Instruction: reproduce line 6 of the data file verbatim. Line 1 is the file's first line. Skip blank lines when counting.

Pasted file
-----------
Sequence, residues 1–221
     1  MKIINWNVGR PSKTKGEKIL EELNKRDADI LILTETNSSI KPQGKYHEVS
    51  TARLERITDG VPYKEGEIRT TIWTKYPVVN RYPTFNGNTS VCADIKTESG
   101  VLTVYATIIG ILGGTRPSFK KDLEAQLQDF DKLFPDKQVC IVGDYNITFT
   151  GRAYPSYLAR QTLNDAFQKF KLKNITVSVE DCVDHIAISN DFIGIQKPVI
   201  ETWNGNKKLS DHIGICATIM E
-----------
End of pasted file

   201  ETWNGNKKLS DHIGICATIM E